JB: How did he know Hemingway?
RW: He met Hemingway in Madrid during the Civil war. They quickly became good friends.
JB: He took some of his great pictures during the Spanish Civil War.
RW: He certainly did. He was really one of the first photographers to take the 35-millimeter camera, which was so easily maneuverable, right up to the front line of action. The camera simply hadn’t been available in previous wars; no war had been covered that way. So the photographs he brought back created a sensation.
JB: What made Capa so suitable to be a war photographer?
RW: A number of things. He loved adventure. He had always tried to make his life as exciting as possible, and he could certainly find all the excitement at the front that he wanted. Beyond that, he was a gambler by temperament; the danger of the front attracted him. And I think most importantly, he had a tremendous personal stake in the war, in the Spanish Civil War to begin with, as the first war against fascism. It was a war in which he had a real commitment. He felt passionately supportive of it—and so it was this culmination of political commitment, passion, bravery, intense sympathy for the people he saw at the front, as well as a great level of camaraderie that he found. As a homeless, more or less refugee, the intense friendships that he formed at the front meant a tremendous amount to him. There was a great deal that suited him temperamentally to be a war photographer.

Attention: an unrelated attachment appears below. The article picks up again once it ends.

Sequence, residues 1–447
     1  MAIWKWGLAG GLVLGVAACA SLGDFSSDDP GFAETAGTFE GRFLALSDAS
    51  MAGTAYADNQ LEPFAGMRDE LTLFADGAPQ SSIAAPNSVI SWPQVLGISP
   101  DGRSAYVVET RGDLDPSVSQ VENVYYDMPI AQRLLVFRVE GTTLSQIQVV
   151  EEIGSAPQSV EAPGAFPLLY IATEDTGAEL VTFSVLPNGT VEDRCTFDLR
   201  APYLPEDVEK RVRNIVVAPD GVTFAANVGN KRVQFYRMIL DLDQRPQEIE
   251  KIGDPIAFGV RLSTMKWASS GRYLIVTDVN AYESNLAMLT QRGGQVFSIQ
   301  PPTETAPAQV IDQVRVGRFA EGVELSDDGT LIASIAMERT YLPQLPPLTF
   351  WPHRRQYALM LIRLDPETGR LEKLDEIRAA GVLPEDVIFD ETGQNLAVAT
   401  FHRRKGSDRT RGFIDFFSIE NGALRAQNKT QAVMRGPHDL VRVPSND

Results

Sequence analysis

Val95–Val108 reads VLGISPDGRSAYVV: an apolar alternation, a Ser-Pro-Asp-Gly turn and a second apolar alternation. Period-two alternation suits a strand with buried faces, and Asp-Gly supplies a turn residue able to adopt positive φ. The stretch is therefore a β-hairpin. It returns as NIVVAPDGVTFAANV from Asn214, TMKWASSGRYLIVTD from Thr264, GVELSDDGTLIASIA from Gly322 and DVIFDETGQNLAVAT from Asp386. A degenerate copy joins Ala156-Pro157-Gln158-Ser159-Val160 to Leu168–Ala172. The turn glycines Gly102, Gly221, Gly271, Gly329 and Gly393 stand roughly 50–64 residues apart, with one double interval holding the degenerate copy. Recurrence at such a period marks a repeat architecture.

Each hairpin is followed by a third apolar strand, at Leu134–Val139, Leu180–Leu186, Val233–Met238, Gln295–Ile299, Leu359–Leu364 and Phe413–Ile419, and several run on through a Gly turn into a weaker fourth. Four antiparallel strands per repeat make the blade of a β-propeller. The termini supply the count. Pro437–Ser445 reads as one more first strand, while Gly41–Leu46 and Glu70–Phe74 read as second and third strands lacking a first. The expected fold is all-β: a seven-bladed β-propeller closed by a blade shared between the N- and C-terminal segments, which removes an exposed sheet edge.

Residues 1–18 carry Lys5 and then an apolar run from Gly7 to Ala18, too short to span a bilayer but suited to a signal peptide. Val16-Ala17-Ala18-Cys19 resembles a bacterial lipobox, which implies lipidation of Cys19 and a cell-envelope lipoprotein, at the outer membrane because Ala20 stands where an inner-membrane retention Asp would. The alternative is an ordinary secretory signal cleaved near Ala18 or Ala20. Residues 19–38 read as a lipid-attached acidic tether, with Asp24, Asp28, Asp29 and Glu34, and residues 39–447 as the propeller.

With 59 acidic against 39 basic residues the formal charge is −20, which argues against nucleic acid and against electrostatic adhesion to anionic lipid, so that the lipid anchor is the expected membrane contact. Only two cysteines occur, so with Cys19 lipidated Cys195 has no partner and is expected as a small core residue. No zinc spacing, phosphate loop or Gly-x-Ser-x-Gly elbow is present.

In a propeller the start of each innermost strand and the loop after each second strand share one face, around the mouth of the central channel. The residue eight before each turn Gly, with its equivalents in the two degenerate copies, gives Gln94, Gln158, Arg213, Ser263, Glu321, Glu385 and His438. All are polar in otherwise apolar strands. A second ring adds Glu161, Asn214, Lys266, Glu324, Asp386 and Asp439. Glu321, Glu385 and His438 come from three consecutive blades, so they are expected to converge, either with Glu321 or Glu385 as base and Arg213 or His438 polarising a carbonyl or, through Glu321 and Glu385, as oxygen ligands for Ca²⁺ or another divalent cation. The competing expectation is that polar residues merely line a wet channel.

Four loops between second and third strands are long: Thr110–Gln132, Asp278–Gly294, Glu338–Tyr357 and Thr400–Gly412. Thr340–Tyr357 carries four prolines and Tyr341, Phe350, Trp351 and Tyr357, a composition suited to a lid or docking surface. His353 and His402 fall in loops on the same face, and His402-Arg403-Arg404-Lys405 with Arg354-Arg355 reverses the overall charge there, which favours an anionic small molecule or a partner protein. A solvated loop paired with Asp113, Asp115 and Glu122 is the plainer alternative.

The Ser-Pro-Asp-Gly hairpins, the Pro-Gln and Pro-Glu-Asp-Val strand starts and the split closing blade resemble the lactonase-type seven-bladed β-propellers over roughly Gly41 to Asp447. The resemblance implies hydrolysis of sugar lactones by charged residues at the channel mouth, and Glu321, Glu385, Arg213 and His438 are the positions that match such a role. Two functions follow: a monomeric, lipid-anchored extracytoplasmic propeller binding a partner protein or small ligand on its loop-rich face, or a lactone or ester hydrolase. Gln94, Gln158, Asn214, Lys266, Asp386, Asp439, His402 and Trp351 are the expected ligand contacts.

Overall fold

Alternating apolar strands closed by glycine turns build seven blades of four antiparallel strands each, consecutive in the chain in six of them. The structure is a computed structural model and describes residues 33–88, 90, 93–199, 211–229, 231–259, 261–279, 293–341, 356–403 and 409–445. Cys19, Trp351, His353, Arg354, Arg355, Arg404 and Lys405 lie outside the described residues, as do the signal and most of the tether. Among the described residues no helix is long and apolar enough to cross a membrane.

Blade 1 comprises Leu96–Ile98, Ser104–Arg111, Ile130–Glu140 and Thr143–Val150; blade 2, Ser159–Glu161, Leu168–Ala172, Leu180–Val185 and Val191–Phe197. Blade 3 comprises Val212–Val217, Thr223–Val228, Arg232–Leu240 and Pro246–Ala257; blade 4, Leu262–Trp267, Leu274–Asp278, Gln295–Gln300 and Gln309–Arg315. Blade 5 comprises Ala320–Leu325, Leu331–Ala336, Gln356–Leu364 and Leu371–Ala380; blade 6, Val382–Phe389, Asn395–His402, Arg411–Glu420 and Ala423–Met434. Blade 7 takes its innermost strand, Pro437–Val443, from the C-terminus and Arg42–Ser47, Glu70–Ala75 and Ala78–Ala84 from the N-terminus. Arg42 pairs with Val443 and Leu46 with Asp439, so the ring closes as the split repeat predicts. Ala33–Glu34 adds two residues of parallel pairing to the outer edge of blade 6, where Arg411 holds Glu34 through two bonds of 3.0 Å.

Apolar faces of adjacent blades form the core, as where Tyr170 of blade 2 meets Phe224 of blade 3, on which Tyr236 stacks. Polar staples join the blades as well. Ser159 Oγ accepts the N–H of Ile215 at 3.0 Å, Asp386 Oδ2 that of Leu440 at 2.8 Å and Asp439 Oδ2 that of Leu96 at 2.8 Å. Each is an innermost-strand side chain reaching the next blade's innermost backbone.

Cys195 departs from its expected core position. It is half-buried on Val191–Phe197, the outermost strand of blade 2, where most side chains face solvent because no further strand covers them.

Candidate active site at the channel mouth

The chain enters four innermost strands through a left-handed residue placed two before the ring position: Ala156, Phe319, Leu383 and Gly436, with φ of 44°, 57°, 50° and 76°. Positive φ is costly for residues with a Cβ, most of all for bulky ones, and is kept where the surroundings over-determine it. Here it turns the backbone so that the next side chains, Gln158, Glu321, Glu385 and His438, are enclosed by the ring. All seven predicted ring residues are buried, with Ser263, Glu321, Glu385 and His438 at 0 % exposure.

JB: You seem very confident of your own perception of his personality.
RW: Well, I interviewed about 150 people who knew Capa. So much of the biography, many of the personal insights, are based very directly on the memories of people who knew him well. I read everything I could find about him. And also a very strong sense of the man comes across from his photographs.
JB: And your being such close friends with Cornell Capa must have enhanced your sense of Capa’s personality.
RW: Absolutely. Cornell naturally remembers his brother vividly and was very generous in sharing his memories, his insights. He also has the archive of his brother’s papers, all his letters, all the vintage prints of his photographs, contact sheets, caption sheets, and so Cornell’s cooperation was essential.
JB: Was it Cornell Capa who helped you discern some of the fabricated parts of his life from the real parts? How did that come about?
RW: A lot of that came about, really, from checking the verbal accounts that I got from people against Capa’s own caption sheets, where he noted down the heard facts that sometimes later got elaborated in the re-telling into slightly altered stories. I spent a lot of time doing research with regimental histories of the units that Capa was with and discovered the actual circumstances in which many of the photographs were taken.